Most of the story’s drama is sparked by change and the town’s resistance to it. Take, for example, Lady Ludlow, played by Francesca Annis. As Cranford’s resident high-class rich bitch, her staid notions—for example, no education for the poor—are threatened by the Industrial Revolution, represented here in the form of a railway line through Cranford. Clotheswise, her conservatism translates to some seriously passé looks. “She’s really held back into the 18th century because she feels that’s when values and morals were correct,” says Beavan. “She even keeps to her wig because that was the fashion of her youth.” And while Lady Ludlow is well-off, at least superficially, the rest of the women are, as Beavan puts it, “poor as church mice.” With the exception of the spoiled Caroline Tomkinson (Selina Griffiths), who gets a new outfit for Lady Ludlow’s annual garden party with the hope of luring love, the townswomen appear in the same one or two dresses throughout the series. “Gaskell was very clear that these people didn’t have a lot of money,” says Birtwistle. “So those frocks would be well worn and well washed. In one incident, Miss Pole has had a frock for years and years, and it finally ends up as curtains because you never wasted anything.”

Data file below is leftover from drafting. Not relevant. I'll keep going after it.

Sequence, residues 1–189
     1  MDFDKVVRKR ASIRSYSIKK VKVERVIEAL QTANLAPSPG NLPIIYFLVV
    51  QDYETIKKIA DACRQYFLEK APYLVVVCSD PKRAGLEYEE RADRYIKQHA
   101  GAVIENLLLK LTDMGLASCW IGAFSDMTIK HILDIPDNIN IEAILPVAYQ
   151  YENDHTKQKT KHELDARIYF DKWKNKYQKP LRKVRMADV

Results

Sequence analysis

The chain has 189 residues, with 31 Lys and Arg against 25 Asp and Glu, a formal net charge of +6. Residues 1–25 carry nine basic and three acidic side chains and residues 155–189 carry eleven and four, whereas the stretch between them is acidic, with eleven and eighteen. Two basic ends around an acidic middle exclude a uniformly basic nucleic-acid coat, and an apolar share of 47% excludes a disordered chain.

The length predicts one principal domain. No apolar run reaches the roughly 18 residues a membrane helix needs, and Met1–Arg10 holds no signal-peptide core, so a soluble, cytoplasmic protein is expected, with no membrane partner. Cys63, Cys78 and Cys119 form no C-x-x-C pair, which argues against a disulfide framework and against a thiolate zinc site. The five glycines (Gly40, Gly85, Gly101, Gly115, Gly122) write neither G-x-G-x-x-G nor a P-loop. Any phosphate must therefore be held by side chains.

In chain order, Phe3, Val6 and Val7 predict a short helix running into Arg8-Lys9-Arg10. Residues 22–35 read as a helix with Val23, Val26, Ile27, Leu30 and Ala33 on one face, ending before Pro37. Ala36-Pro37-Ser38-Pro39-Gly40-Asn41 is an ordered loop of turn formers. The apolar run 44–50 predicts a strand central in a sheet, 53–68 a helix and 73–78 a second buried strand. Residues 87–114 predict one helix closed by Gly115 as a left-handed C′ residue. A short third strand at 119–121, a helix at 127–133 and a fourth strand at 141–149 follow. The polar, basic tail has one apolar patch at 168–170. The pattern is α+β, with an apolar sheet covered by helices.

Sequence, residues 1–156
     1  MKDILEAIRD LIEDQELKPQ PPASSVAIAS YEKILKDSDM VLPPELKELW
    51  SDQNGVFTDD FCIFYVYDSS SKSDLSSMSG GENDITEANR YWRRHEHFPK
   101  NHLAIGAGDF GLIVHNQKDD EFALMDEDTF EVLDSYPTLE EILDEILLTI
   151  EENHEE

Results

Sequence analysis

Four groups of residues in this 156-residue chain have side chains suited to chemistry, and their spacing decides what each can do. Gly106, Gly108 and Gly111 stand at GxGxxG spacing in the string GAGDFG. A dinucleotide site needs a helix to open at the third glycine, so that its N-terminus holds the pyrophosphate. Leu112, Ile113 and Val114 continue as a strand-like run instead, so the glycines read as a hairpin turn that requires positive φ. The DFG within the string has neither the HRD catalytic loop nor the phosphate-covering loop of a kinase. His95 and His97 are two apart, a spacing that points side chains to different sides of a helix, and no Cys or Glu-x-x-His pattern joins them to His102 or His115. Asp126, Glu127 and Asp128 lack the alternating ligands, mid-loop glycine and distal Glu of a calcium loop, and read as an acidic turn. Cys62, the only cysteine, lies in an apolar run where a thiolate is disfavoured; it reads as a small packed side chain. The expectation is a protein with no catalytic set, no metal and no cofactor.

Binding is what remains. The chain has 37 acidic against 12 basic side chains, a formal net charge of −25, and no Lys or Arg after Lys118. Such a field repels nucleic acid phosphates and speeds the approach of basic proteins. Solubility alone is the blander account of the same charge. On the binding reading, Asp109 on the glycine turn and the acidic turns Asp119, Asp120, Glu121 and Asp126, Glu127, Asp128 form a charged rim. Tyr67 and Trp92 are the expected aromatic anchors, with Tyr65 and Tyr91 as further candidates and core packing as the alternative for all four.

In fact, the most noticeable wardrobe changes come with funerals, of which there are a considerable number during the course of a year in Cranford. “There were terrific rules for mourning,” says Beavan, “depending on how close the relative was who died—how many months you stayed in full black and when you could slowly introduce gray or mauve.” Thus, she kept a detailed chart of all the characters clad in black to make sure they were following the proper schedule. But fade to gray or mauve too quickly and one ran the risk of raising a few eyebrows, as in the case of the widow Mrs. Rose (Lesley Manville), whose color transition is misinterpreted as a sign of romantic interest in her young charge, Dr. Frank Harrison, played by Simon Woods. The ensuing confusion is another clever use of Cranford’s strict notions of propriety, which apply not only to funeral attire but also to fruit—and how to eat it. This is the subject of one of the series’ most amusing scenes: When the Jenkyns’ houseguest Mary Smith (Lisa Dillon) suggests they poke holes in their oranges’ peels and suck out the pulp, she’s met with revulsion. As Matty explains, Deborah thinks the act “vulgar and altogether too redolent of a ritual undertaken by...little babies. My sister does not care for the expression ‘suck,’” to which an obviously disgusted Deborah replies, “We will repair to our rooms and consume our fruit in solitude.” In Cranford, even eating an orange can be juicy.